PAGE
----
Xanthomonas is a large genus of Gram-negative, yellow-pigmented bacteria that cause disease in nearly 400 plant hosts, including economically important crops such as rice, citrus, banana, cabbage, tomato, pepper and bean.
Currently, the complete genome sequences of 11 Xanthomonas spp. strains have been determined and draft genomes of a further seven strains are available, in total comprising seven species and nine pathovars that are distinguished by their host range.
Large-scale comparative analysis has revealed extraordinary genome plasticity within the genus Xanthomonas. Additional genetic variation comes from the presence of plasmids and large sets of insertion sequence (IS) elements in some strains.
The determination of genome sequences has greatly accelerated functional analyses that aim to understand the molecular basis of virulence of Xanthomonas spp.
Comparative genomics in Xanthomonas spp. has led to a better understanding of genome evolution and has identified candidate genes that may determine host and tissue specificity.
Xanthomonas is a large genus of Gram-negative bacteria that cause disease in hundreds of plant hosts, including many economically important crops. Pathogenic species and pathovars within species show a high degree of host plant specificity and many exhibit tissue specificity, invading either the vascular system or the mesophyll tissue of the host. In this Review, we discuss the insights that functional and comparative genomic studies are providing into the adaptation of this group of bacteria to exploit the extraordinary diversity of plant hosts and different host tissues.
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The work of the authors has been supported in part by grants awarded by the Science Foundation of Ireland (SFI 07/IN.1/B955 to J.M.D. and SFI 09/SIRG/B1654 to R.P.R.) and a European Society of Clinical Microbiology and Infectious Diseases (ESCMID) research grant (to R.R.P). The authors thank Y. McCarthy for helpful comments on the manuscript.
The authors declare no competing financial interests.
Pathogenic variants within a species that are defined by a characteristic host range and/or tissue specificity.
Plant tissue in the leaf mesophyll that has a diverse range of functions, including photosynthesis, storage, secretion and short-distance transport.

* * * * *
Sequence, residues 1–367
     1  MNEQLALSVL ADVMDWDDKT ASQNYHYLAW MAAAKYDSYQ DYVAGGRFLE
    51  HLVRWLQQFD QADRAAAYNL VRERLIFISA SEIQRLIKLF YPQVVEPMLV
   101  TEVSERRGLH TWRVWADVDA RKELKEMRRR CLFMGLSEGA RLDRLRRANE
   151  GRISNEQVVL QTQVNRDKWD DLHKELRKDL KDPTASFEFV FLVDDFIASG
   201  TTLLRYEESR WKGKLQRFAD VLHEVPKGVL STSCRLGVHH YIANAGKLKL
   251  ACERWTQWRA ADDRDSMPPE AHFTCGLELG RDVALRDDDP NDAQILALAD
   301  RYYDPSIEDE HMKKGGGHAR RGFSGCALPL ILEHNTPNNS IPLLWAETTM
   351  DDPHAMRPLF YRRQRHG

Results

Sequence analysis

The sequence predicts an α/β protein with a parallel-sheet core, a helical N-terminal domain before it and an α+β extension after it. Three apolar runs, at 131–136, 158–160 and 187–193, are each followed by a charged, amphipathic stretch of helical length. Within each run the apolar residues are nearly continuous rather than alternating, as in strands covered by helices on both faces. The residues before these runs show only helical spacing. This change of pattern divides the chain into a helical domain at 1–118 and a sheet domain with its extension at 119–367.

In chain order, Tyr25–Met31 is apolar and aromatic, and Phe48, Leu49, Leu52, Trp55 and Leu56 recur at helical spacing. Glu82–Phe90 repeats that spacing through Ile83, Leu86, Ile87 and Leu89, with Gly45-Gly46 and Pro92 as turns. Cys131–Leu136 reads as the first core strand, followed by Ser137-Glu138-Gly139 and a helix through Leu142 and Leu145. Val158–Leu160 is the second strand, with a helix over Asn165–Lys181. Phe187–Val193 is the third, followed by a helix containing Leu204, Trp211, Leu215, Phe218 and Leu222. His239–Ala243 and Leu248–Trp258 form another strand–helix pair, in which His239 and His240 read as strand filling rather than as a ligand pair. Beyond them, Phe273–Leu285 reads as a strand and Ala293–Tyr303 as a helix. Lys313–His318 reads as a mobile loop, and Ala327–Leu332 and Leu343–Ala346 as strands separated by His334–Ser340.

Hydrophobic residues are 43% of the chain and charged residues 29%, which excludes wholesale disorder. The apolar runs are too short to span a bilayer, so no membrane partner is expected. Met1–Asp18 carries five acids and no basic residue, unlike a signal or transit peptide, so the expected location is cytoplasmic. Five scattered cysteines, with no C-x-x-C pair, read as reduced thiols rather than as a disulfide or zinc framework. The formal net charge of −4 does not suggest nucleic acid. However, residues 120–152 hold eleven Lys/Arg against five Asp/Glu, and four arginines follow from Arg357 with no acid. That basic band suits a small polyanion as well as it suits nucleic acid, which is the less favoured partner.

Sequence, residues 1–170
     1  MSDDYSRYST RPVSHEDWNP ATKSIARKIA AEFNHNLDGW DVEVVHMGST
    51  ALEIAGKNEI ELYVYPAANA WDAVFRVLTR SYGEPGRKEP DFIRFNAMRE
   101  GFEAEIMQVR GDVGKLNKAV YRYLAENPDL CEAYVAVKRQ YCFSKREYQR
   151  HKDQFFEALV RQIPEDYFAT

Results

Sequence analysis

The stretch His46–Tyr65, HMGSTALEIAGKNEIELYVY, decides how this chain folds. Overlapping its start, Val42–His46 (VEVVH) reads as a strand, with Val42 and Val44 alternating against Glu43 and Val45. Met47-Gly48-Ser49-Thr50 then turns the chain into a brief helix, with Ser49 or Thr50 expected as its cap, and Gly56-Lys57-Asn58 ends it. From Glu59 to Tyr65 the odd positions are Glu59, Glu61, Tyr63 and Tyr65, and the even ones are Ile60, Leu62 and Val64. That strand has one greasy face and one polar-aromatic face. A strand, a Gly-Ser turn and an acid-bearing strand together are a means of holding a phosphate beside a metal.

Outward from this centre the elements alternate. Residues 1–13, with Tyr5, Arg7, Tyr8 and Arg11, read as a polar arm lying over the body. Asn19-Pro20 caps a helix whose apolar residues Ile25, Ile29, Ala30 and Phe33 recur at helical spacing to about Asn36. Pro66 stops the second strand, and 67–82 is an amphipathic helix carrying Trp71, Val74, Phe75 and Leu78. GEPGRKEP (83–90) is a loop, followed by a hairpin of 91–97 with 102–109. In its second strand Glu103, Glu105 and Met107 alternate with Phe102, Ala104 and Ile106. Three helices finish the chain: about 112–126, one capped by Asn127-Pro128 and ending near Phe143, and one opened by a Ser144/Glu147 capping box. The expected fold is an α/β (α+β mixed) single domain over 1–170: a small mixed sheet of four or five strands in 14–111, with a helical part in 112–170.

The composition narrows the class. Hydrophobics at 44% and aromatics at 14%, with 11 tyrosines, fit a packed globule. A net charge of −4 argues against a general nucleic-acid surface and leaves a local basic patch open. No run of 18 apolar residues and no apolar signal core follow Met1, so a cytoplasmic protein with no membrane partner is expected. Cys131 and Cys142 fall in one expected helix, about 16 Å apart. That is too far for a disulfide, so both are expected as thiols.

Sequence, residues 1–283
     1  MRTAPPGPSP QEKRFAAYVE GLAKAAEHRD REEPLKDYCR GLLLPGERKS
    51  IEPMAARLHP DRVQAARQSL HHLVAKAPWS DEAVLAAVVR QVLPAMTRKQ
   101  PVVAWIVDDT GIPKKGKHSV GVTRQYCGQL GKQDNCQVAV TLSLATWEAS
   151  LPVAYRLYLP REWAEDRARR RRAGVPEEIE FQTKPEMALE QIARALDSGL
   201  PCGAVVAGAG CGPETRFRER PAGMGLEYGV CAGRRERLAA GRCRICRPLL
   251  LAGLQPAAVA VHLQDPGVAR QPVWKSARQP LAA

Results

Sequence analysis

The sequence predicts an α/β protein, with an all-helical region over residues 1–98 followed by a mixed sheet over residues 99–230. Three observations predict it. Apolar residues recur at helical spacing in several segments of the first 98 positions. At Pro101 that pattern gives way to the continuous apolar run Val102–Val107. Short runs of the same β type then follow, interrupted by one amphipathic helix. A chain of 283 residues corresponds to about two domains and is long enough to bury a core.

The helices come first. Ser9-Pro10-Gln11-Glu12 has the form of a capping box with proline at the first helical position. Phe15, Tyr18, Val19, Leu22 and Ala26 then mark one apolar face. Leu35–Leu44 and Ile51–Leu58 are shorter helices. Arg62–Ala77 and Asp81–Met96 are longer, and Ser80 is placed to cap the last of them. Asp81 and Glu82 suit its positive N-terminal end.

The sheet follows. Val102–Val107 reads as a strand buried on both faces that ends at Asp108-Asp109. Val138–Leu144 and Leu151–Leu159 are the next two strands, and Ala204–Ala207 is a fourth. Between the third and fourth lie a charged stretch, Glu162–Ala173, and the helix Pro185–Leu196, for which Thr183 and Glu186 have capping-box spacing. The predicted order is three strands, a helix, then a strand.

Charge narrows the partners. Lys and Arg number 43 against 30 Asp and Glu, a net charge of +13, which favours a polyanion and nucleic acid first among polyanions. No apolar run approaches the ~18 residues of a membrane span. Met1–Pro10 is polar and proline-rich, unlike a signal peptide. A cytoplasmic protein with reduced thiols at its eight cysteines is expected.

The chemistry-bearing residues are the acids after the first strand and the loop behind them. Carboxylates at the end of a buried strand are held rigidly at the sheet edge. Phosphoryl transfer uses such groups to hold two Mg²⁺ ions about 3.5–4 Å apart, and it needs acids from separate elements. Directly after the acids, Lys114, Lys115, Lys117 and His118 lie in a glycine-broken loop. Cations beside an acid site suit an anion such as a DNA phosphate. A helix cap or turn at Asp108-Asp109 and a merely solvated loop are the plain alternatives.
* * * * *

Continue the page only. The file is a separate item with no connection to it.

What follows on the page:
Secretory organs in leaves, usually of angiosperms, that are located at the leaf margin and that secrete guttation fluid, which may contain a variety of organic and inorganic solutes.
Members of the family Xanthomonadaceae, which is a family of Gram-negative bacteria that includes species from the genera Xanthomonas and Xylella (which cause plant diseases) and species from the genus Stenotrophomonas (one of which, Stenotrophomonas maltophilia, is an opportunistic human pathogen).
- Type II secretion system
A two-step secretion system that secretes proteins which are first translocated across the inner membrane by the general secretion pathway.
- Type III secretion system
A multisubunit protein apparatus that is used to secrete or inject effector proteins which contribute to interactions with eukaryotic cells.
- Type III effectors
Bacterial proteins that are delivered into a host cell through a type III secretion system, which is required for pathogenesis. Contributions of individual effectors to disease vary, and some trigger host defence.
- Type IV secretion systems
Secretion systems typically comprising a macromolecular complex that spans the bacterial inner and outer membranes and can also span the membrane of eukaryotic host cells. These secretion systems contribute to various biological functions, including the exchange of genetic material with other bacteria and the translocation of oncogenic DNA and effector proteins into eukaryotic host cells.
- Two-component regulators
Part of a mechanism that allows bacteria to sense and respond to changes in many different environmental cues. These systems typically consist of a membrane-bound histidine kinase that senses a specific environmental stimulus, and the corresponding response regulator that mediates the cellular response.
- TonB-dependent transporters
A family of proteins in the outer membrane of Gram-negative bacteria that sense environmental signals or substrates and thus trigger changes in gene transcription or uptake of the substrate across the outer membrane. These functions are dependent on the energy-transducing protein TonB.
- Cyclic di-GMP
A bacterial second messenger that is involved in the regulation of a wide variety of cellular processes.
- Non-host resistance
A host–pathogen interaction in which all members of a plant species exhibit resistance to all strains of a pathogen.
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Ryan, R., Vorhölter, FJ., Potnis, N. et al. Pathogenomics of Xanthomonas: understanding bacterium–plant interactions. Nat Rev Microbiol 9, 344–355 (2011). https://doi.org/10.1038/nrmicro2558
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